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The iconic Elizabeth Tower is the most easily recognisable part of the Palace of Westminster. Purcell has been appointed by Strategic Estates as architects for the essential conservation repairs and refurbishment to the external fabric and internal spaces of the Elizabeth Tower. The proposed work includes repairing the cast iron roof, clock faces and other high level metalwork, water proofing the belfry tower, external stonework conservation, installing a lift and upgrading the building’s services.

The last major repair works to the tower which required scaffolding were carried out in the early 1980s. Several aspects of the tower’s original design require the tower to be scaffolded approximately every 25 years, including redecoration of the cast iron roofs, maintenance of the clock and stone repairs.

This is the first time a project will have been delivered by the Strategic Estates using Building Information Modelling (BIM). Working with multiple stakeholders, BIM is being used to digitally model the site in detail and demonstrate the scaffolding volumes around the tower during the works. Co-ordination of the construction adjacent to the main pedestrian thoroughfare through the Palace from Portcullis House and the main vehicle entrance without disrupting the business of parliament are key challenges.

Palace of Westminster

Repairs to the building fabric largely consist of conservative repair techniques, with minor changes in details to drainage outlets or waterproofing to improve the tower’s ability to shed rainwater or improve access for planned preventative maintenance work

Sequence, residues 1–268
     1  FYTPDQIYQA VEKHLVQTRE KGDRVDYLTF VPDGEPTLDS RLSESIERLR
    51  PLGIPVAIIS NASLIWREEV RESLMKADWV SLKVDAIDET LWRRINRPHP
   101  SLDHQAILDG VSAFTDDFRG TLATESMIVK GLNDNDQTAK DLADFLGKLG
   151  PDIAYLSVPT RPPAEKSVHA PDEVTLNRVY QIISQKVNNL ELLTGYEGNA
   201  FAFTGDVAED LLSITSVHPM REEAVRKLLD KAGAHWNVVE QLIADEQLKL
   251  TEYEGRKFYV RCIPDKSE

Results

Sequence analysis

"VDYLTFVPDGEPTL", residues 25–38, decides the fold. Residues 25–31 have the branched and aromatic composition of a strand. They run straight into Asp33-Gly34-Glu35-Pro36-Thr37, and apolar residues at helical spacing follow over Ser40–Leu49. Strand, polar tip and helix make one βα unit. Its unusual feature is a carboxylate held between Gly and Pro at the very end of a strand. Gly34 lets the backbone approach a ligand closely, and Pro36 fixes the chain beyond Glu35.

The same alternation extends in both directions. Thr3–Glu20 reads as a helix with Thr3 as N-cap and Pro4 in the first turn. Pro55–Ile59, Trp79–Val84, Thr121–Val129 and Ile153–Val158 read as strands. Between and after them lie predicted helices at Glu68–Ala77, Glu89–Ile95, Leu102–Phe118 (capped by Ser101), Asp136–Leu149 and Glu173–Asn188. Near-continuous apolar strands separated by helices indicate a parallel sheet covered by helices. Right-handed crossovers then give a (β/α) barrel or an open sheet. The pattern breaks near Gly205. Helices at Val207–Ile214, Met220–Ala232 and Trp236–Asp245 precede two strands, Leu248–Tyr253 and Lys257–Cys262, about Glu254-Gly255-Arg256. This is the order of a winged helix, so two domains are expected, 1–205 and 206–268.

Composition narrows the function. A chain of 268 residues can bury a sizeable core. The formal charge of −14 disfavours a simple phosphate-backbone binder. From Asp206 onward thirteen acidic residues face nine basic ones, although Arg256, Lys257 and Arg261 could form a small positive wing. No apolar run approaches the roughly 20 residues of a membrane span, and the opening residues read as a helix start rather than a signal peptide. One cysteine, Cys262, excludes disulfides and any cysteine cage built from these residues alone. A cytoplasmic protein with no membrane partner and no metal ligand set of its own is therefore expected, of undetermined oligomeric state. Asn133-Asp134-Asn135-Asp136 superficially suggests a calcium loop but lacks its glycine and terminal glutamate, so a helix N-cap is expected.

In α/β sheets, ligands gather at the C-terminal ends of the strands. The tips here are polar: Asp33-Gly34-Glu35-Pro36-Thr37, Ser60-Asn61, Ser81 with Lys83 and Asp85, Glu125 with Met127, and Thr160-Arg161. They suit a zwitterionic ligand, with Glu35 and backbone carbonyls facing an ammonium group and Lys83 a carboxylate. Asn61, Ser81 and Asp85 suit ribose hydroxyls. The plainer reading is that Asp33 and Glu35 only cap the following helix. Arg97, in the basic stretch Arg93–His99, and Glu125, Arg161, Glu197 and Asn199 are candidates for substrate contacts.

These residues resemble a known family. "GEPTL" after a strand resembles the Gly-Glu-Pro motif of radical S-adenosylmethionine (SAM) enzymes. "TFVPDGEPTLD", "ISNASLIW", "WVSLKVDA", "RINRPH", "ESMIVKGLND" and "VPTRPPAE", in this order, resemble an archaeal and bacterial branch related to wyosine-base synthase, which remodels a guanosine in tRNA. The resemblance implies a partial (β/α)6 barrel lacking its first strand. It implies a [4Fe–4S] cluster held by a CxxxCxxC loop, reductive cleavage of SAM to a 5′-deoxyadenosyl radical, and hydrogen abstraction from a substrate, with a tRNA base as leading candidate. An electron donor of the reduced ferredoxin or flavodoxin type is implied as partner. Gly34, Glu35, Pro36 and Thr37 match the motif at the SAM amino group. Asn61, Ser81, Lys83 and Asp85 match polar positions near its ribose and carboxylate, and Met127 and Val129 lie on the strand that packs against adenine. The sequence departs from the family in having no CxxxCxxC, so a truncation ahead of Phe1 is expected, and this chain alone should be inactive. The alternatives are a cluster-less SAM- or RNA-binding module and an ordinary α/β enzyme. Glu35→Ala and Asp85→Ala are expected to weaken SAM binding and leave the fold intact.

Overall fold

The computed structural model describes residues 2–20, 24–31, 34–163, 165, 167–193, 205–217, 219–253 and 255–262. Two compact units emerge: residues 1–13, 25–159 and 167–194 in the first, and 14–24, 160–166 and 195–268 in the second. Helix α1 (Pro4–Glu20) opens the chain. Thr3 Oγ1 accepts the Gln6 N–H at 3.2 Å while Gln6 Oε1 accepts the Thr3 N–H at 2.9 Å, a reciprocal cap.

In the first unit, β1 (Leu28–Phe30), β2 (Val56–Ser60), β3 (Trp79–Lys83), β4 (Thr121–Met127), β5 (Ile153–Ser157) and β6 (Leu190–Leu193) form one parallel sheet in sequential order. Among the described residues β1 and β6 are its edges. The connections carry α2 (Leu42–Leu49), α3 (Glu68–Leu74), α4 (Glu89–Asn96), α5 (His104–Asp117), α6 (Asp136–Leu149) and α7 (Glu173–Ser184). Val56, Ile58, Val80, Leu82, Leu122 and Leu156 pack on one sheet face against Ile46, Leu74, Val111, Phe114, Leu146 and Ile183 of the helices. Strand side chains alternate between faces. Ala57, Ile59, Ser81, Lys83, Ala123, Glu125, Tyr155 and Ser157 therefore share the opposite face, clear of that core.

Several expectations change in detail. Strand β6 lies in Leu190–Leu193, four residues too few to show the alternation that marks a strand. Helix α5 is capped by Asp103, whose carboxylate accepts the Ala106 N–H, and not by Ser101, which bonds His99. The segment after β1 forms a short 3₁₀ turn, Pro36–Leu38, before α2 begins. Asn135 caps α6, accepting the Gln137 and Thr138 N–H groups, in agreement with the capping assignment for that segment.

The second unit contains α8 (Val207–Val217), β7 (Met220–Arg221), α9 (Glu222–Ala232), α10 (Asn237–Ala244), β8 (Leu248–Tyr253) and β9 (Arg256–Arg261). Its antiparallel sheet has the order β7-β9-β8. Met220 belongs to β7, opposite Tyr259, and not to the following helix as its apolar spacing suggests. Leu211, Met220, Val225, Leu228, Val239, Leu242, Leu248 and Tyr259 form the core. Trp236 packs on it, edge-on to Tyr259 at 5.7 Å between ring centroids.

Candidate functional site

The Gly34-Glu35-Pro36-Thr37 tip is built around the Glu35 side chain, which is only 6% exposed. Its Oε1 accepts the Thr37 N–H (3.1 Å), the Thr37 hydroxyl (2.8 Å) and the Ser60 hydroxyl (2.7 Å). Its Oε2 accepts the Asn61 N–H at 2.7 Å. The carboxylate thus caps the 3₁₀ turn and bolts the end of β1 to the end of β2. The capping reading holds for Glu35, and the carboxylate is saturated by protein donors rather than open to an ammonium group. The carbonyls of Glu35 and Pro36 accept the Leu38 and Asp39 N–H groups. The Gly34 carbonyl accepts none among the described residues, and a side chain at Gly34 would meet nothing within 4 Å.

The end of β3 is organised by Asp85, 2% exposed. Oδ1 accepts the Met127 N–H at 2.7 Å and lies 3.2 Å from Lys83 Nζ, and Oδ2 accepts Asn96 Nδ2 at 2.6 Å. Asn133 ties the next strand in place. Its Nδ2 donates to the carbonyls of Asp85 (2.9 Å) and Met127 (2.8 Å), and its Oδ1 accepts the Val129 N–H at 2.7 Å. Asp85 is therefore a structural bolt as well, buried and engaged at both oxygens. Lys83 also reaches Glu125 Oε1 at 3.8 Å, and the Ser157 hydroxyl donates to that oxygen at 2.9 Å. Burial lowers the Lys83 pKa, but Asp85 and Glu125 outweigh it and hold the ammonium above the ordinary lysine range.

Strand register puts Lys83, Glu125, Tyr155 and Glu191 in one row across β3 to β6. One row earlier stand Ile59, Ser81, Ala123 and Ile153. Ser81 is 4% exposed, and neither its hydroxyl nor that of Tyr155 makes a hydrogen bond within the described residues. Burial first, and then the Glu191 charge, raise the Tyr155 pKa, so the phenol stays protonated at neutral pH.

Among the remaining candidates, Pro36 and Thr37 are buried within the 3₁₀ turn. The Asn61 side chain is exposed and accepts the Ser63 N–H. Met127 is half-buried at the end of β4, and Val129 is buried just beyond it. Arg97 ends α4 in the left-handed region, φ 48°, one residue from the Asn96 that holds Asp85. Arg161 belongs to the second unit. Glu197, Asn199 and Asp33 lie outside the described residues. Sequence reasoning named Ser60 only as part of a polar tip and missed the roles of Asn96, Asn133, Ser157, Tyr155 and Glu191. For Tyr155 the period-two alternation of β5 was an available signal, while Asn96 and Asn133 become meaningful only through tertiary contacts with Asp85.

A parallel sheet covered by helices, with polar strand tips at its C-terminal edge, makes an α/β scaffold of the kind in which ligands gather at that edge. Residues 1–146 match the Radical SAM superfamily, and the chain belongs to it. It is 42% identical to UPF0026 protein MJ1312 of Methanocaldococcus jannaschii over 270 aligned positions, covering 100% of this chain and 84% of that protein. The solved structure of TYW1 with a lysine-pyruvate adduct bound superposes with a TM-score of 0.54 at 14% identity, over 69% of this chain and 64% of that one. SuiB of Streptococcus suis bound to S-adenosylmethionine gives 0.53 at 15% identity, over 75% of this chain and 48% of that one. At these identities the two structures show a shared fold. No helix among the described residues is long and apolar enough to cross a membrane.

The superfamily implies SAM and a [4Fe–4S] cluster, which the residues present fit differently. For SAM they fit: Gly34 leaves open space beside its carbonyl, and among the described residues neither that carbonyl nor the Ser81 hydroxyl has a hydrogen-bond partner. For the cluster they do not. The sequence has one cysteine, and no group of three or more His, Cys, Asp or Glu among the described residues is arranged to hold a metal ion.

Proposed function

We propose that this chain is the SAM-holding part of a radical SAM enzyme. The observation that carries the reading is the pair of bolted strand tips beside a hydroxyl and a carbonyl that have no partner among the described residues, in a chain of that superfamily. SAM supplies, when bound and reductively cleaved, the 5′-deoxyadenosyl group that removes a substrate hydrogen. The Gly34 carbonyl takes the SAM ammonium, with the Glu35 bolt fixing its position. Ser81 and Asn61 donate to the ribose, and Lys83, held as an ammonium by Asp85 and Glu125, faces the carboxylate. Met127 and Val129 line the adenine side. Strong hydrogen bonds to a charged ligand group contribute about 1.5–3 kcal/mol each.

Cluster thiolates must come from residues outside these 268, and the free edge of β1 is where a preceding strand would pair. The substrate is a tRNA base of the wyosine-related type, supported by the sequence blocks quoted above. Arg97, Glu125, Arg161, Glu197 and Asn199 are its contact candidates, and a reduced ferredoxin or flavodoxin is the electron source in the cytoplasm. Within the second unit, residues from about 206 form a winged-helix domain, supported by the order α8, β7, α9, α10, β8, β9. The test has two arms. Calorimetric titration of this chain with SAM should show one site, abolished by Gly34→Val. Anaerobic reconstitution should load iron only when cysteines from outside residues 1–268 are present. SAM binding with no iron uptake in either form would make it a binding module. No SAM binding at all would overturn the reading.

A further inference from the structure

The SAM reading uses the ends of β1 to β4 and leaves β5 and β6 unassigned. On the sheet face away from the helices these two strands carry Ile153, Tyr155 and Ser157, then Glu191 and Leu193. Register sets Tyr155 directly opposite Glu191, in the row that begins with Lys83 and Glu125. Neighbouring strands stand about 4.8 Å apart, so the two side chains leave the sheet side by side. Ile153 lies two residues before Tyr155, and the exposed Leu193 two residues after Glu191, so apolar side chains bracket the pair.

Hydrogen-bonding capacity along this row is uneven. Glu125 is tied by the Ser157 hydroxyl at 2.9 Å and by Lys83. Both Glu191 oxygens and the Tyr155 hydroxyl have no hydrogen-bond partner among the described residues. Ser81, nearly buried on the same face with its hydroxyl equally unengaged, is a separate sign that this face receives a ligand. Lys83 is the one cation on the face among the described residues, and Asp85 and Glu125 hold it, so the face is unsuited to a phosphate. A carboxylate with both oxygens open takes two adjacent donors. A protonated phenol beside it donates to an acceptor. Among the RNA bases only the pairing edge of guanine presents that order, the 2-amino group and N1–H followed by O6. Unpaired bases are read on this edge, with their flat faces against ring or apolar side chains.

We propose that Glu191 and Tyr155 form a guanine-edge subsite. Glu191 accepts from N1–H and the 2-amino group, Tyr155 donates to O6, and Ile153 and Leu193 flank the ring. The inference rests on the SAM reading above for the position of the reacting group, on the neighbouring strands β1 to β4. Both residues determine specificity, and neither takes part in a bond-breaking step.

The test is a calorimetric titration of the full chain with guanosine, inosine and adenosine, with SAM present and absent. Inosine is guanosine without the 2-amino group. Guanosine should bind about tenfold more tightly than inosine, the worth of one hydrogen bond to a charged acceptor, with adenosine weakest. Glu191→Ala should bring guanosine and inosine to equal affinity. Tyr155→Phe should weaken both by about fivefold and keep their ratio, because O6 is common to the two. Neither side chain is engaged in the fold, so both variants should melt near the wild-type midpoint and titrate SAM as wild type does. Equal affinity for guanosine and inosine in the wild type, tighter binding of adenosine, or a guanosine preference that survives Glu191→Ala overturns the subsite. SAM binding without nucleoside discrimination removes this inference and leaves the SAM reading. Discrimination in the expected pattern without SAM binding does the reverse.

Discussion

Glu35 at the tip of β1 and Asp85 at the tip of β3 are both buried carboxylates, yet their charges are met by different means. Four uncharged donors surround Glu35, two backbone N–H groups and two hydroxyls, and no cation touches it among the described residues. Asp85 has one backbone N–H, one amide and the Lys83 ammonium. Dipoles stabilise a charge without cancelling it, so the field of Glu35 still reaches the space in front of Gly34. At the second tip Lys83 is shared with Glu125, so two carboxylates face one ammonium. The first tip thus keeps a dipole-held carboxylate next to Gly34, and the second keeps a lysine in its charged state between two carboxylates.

Adopting a carefully planned minimal intervention approach ensures that the building’s original fabric will be retained, avoiding deterioration of the historic fabric. Repair methodology was developed based upon conservation excellence, the use of like for like materials and from precedent of prior works at the Palace.

The biggest challenge for the project is logistics and access. The iconic tower has just one single narrow access staircase accessed from a busy circulation route.

A new lift will be created within the vent shaft, giving access to all floors, including a discrete glass stair and lift enclosure at belfry level and a staff toilet. The design enables new services to be integrated into the vent shaft allowing insensitive adaptions to the tower’s fabric to be removed and restored.

A specialist team of clock mechanics will carry out essential work to the clock, the pendulum and the hour and minute hands on each clock face.

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